Since you asked for a single book, and you might not be keen on jumping into multi-book sagas, I’d say go for Neuromancer

    • @[email protected]
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      52 months ago

      The style of Neuromancer might not fit well with some people but if it does I would absolutely recommend it.

    • Leraje
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      22 months ago

      Hard agree with the Eldering Saga. I’m just starting the first book of the last trilogy and I have lived these books.

      Haven’t seen a mention of Dune yet. It’s not first person style but it is absolutely immersive and in terms of world building second only to Lord of the Rings.

      Iain M Banks Culture novels are also great. Again, not first person but still great. Lots of people say Player of Games is the most accessible and that may be true but my favourite is Excession.

  • @[email protected]
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    112 months ago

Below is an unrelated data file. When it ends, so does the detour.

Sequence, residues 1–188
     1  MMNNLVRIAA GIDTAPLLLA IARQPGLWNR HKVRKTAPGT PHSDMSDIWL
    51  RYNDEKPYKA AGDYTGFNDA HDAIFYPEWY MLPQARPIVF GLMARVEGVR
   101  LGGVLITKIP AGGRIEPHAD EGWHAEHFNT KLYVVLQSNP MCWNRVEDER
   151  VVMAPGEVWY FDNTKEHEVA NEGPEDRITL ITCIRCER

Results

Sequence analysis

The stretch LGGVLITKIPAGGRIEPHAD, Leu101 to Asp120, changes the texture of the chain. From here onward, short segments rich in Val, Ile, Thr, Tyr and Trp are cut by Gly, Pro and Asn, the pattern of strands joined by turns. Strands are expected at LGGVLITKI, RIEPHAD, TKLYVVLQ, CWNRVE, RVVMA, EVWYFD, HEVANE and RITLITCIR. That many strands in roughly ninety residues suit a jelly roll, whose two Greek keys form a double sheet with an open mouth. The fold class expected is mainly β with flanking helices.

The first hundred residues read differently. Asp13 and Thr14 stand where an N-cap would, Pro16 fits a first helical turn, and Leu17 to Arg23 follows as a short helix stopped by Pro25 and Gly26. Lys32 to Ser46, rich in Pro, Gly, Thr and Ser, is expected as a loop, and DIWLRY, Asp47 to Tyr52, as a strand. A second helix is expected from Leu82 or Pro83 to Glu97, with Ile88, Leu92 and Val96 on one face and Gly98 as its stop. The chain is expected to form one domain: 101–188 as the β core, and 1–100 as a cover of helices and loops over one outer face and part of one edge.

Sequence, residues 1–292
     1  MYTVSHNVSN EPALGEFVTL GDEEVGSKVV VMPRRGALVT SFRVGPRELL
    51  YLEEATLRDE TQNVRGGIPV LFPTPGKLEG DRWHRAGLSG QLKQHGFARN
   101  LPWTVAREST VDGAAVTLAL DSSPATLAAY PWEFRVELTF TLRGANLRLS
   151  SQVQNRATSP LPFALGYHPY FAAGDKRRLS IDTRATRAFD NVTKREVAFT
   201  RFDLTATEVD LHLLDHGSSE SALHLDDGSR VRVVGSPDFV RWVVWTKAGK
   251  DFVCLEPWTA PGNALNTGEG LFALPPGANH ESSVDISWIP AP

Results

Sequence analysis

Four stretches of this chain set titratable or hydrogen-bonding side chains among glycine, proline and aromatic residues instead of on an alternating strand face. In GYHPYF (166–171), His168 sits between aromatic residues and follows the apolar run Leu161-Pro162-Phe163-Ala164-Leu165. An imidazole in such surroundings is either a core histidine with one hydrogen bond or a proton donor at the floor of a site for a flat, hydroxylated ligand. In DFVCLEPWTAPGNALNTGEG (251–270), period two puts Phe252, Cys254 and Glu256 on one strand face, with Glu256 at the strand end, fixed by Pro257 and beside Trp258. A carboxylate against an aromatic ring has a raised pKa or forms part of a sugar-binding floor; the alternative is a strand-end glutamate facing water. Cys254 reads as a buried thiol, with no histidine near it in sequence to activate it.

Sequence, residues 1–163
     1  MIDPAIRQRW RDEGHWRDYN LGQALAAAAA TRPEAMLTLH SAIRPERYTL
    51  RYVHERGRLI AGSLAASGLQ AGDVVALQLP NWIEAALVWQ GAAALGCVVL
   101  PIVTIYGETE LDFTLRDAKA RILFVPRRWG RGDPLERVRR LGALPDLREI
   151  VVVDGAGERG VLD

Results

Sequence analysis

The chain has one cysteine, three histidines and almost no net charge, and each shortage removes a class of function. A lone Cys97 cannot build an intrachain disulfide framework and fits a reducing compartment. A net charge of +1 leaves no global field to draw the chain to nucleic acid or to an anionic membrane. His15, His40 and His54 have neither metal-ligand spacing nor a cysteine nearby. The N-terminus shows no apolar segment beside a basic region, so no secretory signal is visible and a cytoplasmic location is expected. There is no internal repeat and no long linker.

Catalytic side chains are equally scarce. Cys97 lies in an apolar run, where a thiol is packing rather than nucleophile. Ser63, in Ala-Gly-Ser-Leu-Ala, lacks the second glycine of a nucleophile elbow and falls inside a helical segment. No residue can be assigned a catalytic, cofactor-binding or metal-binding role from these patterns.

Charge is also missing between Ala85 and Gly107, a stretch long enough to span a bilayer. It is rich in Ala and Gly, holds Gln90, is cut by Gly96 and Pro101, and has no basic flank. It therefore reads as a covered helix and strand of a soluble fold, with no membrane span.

Can’t believe no one has mentioned it already but the book that got me into reading was “Enders game” by Orson Scott Card. Fairly short and has a split set of follow up books that branch off in 2 directions in you want more.

        • @SzethFriendOfNimi
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          22 months ago

          I’ve read the first one but I’m not sure I want to read the rest if there’s no closure for the story.

          • @[email protected]
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            2 months ago

            I’ve read both Parable of the Sower and Parable of the Talents, and while you can tell the general arc she was going for with the next book (and can imagine the broad strokes of what would happen next), I never felt there was a lack of closure for the story.

            They are emotionally difficult books to read, so it’s also hard to recommend them to people, but I would encourage you to not let the lack of a third book prevent you from reading the first two, they are worth reading on their own merits. The Parable of the Talents especially has significance to the situation in the U.S., as some say it predicted Trump.